Rocking Your Lean Six Sigma Start-Up

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The premise of implementing Lean into an organization is to get a product from the beginning to the end with as few constraints as possible.

Many organizations begin Lean initiatives with the following goals: to gain a competitive edge over their competitors, to reduce waste within their system, and to supply customers their products on time and within specification.

The reality of this subject is that many organizations do not truly understand the nature of Lean Six Sigma and what it takes to get a brand new Lean system successfully off the ground so that it becomes part of the organization’s culture.

Ultimately, “Lean” means speed. The premise of implementing Lean into an organization is to get a product from the beginning to the end with as few constraints as possible. There are many bottlenecks within an organization that may not be recognizable until a Lean initiative is implemented. With the tools provided by such an initiative, an organization can rid itself of rework, excessive inventory, waiting or stagnation, unnecessary movements, overages due to poor downstream metrics and over employment.

The very first thing an organization must realize before ever trying to implement any type of waste reduction initiative is that the initiative and the support must come from the top. If you are a plant manager or business owner that handles the day to day business, you and you alone have the power to make or break a Lean initiative.

If a plant manager or company president is not willing to sacrifice his or her own time to learn Lean Six Sigma and go beyond the three-hour course offered at a local college, then the initiative will never work. The number one reason I have seen these initiatives fail is lack of knowledge and support from the top. A president or plant manager cannot hire a consultant to come in for a month or two and train key personnel on Lean Six Sigma, and then expect the employees to change the culture within the organization themselves. The leaders of the organization set the tone for the company and if they are not “all-in,” then the culture of Lean Six Sigma will not “stick.”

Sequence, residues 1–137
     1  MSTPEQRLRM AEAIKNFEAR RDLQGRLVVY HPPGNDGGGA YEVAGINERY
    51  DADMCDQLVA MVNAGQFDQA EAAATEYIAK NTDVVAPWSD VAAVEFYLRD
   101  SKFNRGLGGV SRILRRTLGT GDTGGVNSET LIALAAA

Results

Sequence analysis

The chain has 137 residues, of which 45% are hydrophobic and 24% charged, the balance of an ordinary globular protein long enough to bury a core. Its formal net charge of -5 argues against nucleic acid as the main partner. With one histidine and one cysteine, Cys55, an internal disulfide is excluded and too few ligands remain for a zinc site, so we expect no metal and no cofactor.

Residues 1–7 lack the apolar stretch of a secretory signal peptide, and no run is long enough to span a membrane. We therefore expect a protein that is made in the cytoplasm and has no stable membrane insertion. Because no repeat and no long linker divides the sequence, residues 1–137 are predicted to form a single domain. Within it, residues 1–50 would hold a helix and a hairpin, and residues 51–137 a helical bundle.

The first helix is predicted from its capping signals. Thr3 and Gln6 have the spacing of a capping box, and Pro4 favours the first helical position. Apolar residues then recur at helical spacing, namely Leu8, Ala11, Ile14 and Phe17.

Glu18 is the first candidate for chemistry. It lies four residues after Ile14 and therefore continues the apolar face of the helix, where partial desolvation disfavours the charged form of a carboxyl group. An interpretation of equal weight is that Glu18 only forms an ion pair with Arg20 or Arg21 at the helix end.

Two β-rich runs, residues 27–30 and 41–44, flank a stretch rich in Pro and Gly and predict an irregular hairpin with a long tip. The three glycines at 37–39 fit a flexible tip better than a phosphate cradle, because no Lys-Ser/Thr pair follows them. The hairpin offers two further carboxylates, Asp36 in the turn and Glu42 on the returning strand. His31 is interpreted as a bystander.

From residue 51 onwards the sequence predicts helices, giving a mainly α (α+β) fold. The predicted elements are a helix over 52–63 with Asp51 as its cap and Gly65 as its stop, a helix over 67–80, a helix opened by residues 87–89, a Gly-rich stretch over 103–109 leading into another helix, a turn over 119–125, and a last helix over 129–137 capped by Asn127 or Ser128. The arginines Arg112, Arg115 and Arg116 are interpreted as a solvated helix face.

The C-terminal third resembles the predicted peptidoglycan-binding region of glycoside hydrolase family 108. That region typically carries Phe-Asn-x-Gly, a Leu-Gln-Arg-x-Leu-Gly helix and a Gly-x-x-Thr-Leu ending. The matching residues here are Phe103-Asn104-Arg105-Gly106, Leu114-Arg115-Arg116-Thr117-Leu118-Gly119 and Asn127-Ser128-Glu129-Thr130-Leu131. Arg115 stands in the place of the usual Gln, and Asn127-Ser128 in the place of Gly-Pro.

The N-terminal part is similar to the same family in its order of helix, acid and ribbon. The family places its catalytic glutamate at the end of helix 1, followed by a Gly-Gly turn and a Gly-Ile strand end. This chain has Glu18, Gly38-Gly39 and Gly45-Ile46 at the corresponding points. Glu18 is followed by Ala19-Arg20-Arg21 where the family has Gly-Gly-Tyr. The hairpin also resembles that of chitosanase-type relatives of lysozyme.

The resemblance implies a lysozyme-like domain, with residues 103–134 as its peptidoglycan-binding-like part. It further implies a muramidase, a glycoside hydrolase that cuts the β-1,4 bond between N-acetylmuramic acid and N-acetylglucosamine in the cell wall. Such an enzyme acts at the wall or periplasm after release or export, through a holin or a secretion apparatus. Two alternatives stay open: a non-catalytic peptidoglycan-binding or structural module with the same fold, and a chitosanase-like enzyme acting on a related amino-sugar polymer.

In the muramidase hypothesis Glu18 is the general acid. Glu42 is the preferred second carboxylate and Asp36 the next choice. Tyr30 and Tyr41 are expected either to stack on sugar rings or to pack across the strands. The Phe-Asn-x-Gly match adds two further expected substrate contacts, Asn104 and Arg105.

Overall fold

Lean is a cultural movement in that everything an organization does can benefit from Lean. Personnel in accounting, production, quality, customer service, maintenance, IT and even the cleaning crew will benefit from understanding and implementing Lean into their daily routines. Every person in the organization must be on board and the organization’s most influential leaders must be at the helm so that all the other associates can see the importance and the impact that Lean can provide when implemented and used correctly.

While detailing the actual tools of Lean Six Sigma is outside the scope of this article, my purpose is for upper management to understand that in order to get the most out of your Lean Six Sigma start-up initiative, you must first be willing to learn the tools and methodologies, and you must be willing to eliminate constraints in order for the culture to change and the Lean initiative to “stick.” You can get more information about Lean Six Sigma by using the “search” feature here at MetaOps MagEzine.

 

Additional Reading

Improving the Order Entry Process with Lean Six Sigma

Integrated Lean Six Sigma and Collaborative Leadership of the E2E Supply Chain

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